I also tried making some flavored nuts this year for a party and gifts. The Spicy Rosemary Cashews were a hit. Last night I made pralines from Joy of Cooking, which were alarmingly good and pretty simple. My first intention was just those spiced nuts, but the recipe from Joy was more like a candy. Well, I don't think anyone will complain about not getting a straightforward spiced nuts.

Anyhow, I'm having fun. I love holiday baking.

Pralines (with comparison candied cashews on the right) Posted by Hello

Thursday, December 09, 2004

I Am So Tired

When you are really tired, the world looks a lot different. Certain pleasures that we take for granted, like closing your eyes for a few moments, suddenly become overwhelmingly blissful. Ah, eye closing. Ahhhhhh. Putting your head down on your desk feels so good too. Much better than it normally does. And certain tasks, like spelling or driving or complete sentences become so ... what was I saying?

I attended my first doula birth Tuesday night. And it was all night. I was beeped at 11 PM, just after I put on my jammies, brushed my teeth, crawled into bed, and entered dreamland and was about to embark on a little trip with my husband (who doesn't know it yet), Mark Ruffalo. So rudely interrupted by this odd beeping noise. Holey moley! It was the call. So I headed on into the hospital, heart a-pounding. Twelve hours later, I packed up to go home, having seen one of the most profound and beautiful and freaky moments that humans can experience. I saw a baby emerge from his mother's womb, silent and gray, then turn his head, open his bluest of blue eyes, and start to howl. What can you say after that? Nothing at all.

So yes, the doula world just became that much more real. And yesterday I was at it again, until this morning at 11 AM, this time a baby girl. I plan on doing a little holiday celebrating with friends tonight, but mostly the agenda for the evening involves a bed and some serious z.

The Turkey Was Good

Beautiful biscuit Posted by Hello

I have been remiss about regular blog updates. Could it be the holiday season? Could it be that I've been attending births which require 12 hour shifts overnight? Yes. It could be these things.

The major successes of the day:

I found tiny little white pumpkins at the farmer's market which became the little piece de la resistance ... check out the place setting (with obliging guest's hands) in the photo below. Note the new dinnerware (gasp, I almost typed the word dishes! how gauche!) and the harvesty cloth napkins!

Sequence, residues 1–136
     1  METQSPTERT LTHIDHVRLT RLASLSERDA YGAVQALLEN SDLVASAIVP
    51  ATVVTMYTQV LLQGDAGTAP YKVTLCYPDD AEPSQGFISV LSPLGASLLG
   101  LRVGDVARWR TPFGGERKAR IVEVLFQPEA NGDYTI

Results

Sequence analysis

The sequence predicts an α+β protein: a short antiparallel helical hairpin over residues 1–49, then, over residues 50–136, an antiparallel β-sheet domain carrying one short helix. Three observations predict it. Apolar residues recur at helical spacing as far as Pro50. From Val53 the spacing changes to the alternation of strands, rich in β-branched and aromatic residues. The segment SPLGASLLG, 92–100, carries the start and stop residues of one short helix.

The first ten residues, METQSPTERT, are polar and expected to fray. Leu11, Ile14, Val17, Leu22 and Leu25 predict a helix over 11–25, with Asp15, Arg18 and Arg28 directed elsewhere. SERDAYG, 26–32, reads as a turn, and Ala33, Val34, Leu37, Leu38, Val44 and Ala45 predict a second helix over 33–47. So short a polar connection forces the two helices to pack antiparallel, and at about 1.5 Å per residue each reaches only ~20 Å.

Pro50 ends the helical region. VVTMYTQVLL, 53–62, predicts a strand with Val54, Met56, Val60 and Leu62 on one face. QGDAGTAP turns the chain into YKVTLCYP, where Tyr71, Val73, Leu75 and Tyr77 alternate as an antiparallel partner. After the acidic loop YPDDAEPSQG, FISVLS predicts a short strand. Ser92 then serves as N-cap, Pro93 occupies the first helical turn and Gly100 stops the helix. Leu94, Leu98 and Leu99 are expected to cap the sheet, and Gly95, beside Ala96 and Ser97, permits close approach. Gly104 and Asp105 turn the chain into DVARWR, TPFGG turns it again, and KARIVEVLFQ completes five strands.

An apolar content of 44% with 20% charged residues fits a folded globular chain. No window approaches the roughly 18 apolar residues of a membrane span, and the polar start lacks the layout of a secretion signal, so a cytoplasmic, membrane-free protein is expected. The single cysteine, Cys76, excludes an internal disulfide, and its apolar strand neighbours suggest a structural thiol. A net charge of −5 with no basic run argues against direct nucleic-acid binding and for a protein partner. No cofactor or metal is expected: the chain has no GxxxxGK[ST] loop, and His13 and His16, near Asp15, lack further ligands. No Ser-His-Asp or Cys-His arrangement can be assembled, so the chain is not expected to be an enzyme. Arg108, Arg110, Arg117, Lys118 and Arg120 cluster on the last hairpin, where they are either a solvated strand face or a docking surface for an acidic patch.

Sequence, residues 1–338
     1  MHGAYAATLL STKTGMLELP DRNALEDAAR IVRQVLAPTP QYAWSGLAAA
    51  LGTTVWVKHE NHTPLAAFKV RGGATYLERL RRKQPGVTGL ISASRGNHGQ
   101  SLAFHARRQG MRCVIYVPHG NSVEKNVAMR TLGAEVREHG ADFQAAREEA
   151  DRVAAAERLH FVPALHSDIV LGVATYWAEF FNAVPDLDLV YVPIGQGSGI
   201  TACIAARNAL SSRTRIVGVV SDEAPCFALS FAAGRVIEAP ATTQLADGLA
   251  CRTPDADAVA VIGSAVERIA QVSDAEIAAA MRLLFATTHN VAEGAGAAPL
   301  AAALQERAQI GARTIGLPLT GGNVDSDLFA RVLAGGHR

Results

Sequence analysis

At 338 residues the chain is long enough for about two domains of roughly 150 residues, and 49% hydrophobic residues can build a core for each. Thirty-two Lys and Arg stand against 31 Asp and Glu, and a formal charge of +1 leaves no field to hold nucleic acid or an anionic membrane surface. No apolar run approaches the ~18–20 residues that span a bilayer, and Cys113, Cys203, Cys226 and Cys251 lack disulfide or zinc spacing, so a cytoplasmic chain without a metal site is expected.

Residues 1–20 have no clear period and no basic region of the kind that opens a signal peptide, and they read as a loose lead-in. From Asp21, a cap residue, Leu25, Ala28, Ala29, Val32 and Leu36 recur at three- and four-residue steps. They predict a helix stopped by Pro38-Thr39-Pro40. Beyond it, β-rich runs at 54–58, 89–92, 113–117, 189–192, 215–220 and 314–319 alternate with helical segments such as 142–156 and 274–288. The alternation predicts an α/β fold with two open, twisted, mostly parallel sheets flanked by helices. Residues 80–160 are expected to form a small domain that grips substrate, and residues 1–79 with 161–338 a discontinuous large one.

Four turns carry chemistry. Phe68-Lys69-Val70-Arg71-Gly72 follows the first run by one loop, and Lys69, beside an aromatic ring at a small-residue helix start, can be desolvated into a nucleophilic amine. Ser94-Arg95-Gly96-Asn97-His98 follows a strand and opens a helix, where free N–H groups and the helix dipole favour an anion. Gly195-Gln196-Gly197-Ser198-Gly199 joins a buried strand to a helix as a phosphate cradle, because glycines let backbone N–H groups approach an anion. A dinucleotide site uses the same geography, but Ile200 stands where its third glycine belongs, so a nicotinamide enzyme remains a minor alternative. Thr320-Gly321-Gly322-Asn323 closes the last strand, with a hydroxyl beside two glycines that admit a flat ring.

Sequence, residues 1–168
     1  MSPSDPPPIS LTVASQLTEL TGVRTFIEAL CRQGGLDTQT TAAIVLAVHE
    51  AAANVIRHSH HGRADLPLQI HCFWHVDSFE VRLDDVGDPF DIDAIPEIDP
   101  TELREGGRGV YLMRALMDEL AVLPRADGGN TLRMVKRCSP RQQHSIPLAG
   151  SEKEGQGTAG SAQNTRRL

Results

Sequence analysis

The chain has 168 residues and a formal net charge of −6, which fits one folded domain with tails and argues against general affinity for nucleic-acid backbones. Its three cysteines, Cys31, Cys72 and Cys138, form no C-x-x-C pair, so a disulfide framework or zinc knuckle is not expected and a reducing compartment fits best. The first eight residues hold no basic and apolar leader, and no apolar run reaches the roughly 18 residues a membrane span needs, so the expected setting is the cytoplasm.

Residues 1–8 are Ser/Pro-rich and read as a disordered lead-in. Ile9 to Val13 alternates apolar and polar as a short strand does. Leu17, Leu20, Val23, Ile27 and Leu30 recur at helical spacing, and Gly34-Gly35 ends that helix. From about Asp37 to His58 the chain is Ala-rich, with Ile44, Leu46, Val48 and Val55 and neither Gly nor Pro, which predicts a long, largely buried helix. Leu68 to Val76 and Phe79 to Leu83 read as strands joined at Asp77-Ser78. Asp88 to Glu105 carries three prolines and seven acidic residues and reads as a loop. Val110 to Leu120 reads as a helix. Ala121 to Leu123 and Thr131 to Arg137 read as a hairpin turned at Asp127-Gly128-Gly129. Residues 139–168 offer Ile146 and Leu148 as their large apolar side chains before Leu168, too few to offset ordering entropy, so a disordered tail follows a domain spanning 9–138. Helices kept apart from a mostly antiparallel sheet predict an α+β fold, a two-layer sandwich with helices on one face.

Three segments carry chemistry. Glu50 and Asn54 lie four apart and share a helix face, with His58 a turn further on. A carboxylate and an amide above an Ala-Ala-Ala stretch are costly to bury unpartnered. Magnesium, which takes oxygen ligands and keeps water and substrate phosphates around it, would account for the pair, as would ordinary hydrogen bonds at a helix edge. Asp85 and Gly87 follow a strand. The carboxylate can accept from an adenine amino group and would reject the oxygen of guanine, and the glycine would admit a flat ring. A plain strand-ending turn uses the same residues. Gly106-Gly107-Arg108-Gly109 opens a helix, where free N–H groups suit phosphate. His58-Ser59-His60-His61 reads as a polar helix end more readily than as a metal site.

I do love a proper biscuit and the Cook's recipe is one of the best I've ever tried. Photo attached of one of those babies as well above.

The turkey was good! Thanksgiving was a lot of fun overall. I think being the hostess really gives you the feeling of it as an event rather than simply an overly large meal. I roasted my first ever turkey, trussing and all. I have never wrestled a turkey into place before. Let me tell you, cooking is not for wimps. Just try rotating a 12 pound bird at a temperature of around 175 degrees. The promise of crispy skin by the folks at Cooks was somewhat wasted since no one in my little group was a big skin eater. I think next time, less rotating.

This was my first year with giblet gravy. A little scary working with giblets, but let me tell you, after handling placentas you can handle a lot of scary stuff. That's all I will say about that. However, I learned something new -- I was proud to find the bag with the giblets and neck in the turkey. Then my recipe for the gravy mentioned including the heart and I thought, well, my turkey company does not seem to include that as it was not in the giblet bag. So I proceeded without and all was fine. And then guest Nick began to carve the turkey and found another little bag that got cooked with everything else, hiding in the neck cavity, with a well cooked heart inside. Hmph! Who would think to look there? Talk about having your heart in your throat. However, my guests were forgiving of the mistake, and we moved on.

The pumpkin pie was interesting. Not as firm as I would have liked, but the extra spiciness of the Cooks, yes again the Cook's recipe, was very pleasant. The jello salad simply never materialized. After you've stuffed twenty five pieces of celery with cream cheese and olives, you just start to lose your steam around preserving complicated albeit cherished traditions.

A guest brought over "Supersize Me" for us to watch while digesting after the meal. This was an amusing if not entirely appropriate choice. Watching a movie about how Americans consume enormous amounts of unhealthy food feels a little funny when you've just stuffed yourself silly. However, it was nice to revisit my previous obsession with documentaries. I can't say it was a deeply profound or insightful film, but you know, it was one of those things that people are talking about so you can connect over it.

So yes, overall a successful day. Next year I think I'd like to try the high roast turkey or the spice rubbed turkey. Wait, did I just volunteer to do this again?

The place setting with teeny pumpkin Posted by Hello